I handle outreach and relations with other nonprofit groups for the Prostate Forum of Orange County, Calif. I've worked with Alex and her staff many times in the last year. We depend on PCRI for accurate and timely research data and help with building our non-profit prostate cancer support group. Alex and her staff are prompt, friendly and hard working. I look forward to working with them again, soon.
I have been going to PCRI conferences for 4 years and this last one was the best of all.
We had 4 speakers talking about Active Surveillance (AS) and I helped with two to them. There is a sea change happening for men on (AS). Very hard working group of people helping patients with good information.
PCRI has been a guiding light for me and innumerable other men navigating AS. Without their annual conferences i wouldhave been lost...
I was diagnosed with prostate cancer in 2002. Soon after, advisors in the local prostate cancer support group made me aware of the information available through PCRI and their associated doctors. PCRI provided me with current information for the diagnosis and treatment of prostate cancer that I was able to use in my understanding of my condition. The information presented on their website and at their conferences is up-to-date and extremely helpful for prostate cancer patients and their practitioners. As a principal senior member of our local New Mexico support group I frequently use PCRI information when helping patients and recommend they attend PCRI conferences.
PCRI - What a great staff of people. Hi I am Larry Gerber with the Walnut Gang (a Prostate Support Group in Fountain Valley, California). This group is dedicated to helping newly diagnosed men, supporting them with up to date information, and supporting them after their procedures.
PCRI is one of OUR most important contributor of information ( w/ a booklet - Prostate Cancer Staging Guide and other material). They also provide a staff of very professional people that can speak to all phases of treating Prostate Cancer. They also have a website - pcri.org - that contains links, videos, and other up to date information on or about Prostate Cancer.
Twice a year PCRI conducts conferences ( Midyear - 1 day in March and and the 3 day in usually in Sept.) These conferences bring together great speakers and up to date information in the world of Treatment of newly diagnosed and reoccurring metastatic Prostate Cancer. There is time to question the speaker personally and to see vendors that support the world of Prostate Cancer.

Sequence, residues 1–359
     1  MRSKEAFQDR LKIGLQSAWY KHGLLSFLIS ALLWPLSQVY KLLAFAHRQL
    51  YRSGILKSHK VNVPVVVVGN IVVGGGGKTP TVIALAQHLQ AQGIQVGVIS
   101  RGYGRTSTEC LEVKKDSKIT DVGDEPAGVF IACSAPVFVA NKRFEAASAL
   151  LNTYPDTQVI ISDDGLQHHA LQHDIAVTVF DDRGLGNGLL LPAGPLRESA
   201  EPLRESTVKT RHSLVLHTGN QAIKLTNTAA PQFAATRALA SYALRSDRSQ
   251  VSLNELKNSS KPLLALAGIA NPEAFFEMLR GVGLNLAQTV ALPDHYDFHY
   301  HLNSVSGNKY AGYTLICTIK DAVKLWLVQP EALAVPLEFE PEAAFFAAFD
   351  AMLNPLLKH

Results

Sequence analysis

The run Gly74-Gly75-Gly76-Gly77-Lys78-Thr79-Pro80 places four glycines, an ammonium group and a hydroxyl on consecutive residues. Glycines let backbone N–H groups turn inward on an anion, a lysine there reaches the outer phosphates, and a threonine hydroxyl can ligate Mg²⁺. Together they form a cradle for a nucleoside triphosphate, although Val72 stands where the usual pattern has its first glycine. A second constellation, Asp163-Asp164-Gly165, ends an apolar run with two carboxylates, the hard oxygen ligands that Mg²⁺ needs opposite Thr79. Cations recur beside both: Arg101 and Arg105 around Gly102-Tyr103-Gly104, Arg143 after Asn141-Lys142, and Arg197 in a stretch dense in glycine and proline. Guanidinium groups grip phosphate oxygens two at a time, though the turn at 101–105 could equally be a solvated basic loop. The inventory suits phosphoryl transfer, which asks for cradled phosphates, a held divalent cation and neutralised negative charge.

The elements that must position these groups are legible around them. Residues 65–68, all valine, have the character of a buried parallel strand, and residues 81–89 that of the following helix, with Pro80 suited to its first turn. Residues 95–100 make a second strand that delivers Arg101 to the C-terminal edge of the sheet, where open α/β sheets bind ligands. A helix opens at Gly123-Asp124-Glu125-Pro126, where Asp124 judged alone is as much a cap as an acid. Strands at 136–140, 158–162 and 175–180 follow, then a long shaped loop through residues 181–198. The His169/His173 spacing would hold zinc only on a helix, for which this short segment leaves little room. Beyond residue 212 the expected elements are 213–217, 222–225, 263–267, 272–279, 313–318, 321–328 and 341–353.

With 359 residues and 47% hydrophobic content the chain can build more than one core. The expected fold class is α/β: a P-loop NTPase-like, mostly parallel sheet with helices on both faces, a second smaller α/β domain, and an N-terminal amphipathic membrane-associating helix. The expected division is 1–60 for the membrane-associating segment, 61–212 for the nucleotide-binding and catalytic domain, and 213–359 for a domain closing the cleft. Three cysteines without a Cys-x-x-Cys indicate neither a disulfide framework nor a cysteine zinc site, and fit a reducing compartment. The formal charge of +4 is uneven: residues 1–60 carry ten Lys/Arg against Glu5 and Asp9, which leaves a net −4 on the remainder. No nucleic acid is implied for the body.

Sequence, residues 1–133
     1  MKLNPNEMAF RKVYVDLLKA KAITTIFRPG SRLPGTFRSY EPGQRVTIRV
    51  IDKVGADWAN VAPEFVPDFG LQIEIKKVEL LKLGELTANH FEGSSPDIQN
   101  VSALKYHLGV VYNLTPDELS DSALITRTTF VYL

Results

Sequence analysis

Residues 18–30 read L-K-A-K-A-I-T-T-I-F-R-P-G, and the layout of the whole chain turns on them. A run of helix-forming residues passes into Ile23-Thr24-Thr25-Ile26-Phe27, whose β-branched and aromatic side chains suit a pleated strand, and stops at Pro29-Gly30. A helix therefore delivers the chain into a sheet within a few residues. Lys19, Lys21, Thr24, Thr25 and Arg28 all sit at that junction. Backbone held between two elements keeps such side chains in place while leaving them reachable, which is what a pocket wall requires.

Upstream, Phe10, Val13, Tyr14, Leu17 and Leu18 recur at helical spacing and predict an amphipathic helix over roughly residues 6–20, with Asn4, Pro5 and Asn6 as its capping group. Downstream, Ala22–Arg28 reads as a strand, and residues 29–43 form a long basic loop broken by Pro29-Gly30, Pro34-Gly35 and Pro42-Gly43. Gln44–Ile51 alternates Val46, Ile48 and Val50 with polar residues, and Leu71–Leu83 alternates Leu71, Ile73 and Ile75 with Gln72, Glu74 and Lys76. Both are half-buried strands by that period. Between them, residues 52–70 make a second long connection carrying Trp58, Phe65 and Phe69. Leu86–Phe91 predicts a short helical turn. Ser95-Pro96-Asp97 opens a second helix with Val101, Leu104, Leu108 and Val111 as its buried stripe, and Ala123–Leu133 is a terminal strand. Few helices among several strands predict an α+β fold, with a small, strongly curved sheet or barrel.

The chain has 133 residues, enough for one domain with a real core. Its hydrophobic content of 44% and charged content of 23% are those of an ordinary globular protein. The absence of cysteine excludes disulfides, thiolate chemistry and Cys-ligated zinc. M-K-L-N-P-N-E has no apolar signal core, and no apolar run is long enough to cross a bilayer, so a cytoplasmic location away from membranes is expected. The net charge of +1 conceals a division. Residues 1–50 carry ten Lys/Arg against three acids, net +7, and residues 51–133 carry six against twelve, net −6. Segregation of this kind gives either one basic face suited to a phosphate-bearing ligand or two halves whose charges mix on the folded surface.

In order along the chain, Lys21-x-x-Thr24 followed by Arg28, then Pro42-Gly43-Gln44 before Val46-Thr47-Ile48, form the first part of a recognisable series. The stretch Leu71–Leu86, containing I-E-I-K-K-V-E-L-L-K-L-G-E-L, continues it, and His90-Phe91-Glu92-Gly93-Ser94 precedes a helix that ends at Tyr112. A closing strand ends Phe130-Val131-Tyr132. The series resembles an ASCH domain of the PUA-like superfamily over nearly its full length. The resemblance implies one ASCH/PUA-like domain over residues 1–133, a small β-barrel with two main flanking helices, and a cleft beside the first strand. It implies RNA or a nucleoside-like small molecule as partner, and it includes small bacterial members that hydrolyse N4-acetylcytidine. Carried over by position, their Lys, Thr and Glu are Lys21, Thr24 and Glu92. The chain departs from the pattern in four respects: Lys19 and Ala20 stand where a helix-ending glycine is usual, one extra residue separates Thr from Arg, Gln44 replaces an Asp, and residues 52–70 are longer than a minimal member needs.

As a Support Group - PCRI - play a large part of our meetings with topics that come up about Prostate Cancer. Topic about subjects that are contained in the Prostate Cancer Staging Guide. the Hows and Where for the proper treatment that YOU decide on, Questions to ask doctors , all written in layman terms. On the website you have contact numbers that can handle your questions.
PCRI is invaluable to thousands of men with prostate cancer and the people who care for them.
There is no better source for prostate cancer information in the world.
Their YouTube videos are empowering for men and those who are on this journey with them.
The prostate cancer patient conferences in Los Angeles bring together the best medical people in the world to interact with patients and carers.
I cannot recommend them highly enough.
I am both an 18 year prostate cancer thriver and an advocate. I have had the great pleasure of working hand-in-hand with PCRI for over 10 years.
I am a regular attender of their annual LA conference and have consistently found that their programs and conference agenda have been excellent. They are patient oriented and teach men and their caregivers about prostate cancer and how to make better medical decisions.
They empower men and their caregivers with education, humor and an opportunity to meet and learn from 100's of other prostate cancer thrivers.
Unlike many other prostate cancer non-profits they "play well in the sand box" with other non-profits. Clearly, their primary orientation is towards supporting the men with prostate cancer. At the last LA conference I mentioned that my non-profit Cancer ABCs (www.CancerABCs.org) was going to be running a screening program in Harlem and that we were struggling to raise the capital needed for the program. Later that day their Executive Director handed me an envelope with a very generous donation to support our program.
They are tops, care first about patients and are an important and well respected resource for men who have been diagnosed with prostate cancer and their caregivers.
When my father was diagnosed with prostate cancer, was almost impossible to ascertain what treatment plan was truly one tailored specifically for him. We wanted that because my mom had died from cancer and we learned that without that individual/specific treatment, you become a statistic and your chances of truly having a cure or an effective treatment is close to zero.
With the help/guidance/assistance PCRI gives each individual "FOR FREE" (with no horse in the race so as to have skewed opinion), each patient will definitely receive the correct path to follow.
CANNOT recommend PCRI more wholeheartedly-truly more than worth the call!!!
Prostate Cancer is a chronic condition in which a patient's outcome depends heavily on receiving high-quality and personalized care. The PCRI educates men so that they can competently discuss the nuances of prostate cancer and receive the best possible care for their situation. They do this by publishing free educational videos on Youtube, holding a biannual patient conference, and by running a free helpline staffed by educational facilitators.
I called their hotline in 2006 and spoke with Harry (now deceased) who stressed how young men with prostate cancer need to get their surgery done soon with a Dr who has done more than 150 DaVinci robotic prostatectomies.
At age 43, my disease turned out to be Gleason 3+3 stage 2C with lymphatic vessel involvement and a PSA of 3.9. After immediate surgery, the PSA was under 0.01 for 2 years. The cancer is back now with a PSA of 0.013, but I am told my low Gleason 3+3 means my cancer is unlikely to metastasize or kill me.
My surgeon said I would have died at age 45 (I am now 49) if I had not had treatment.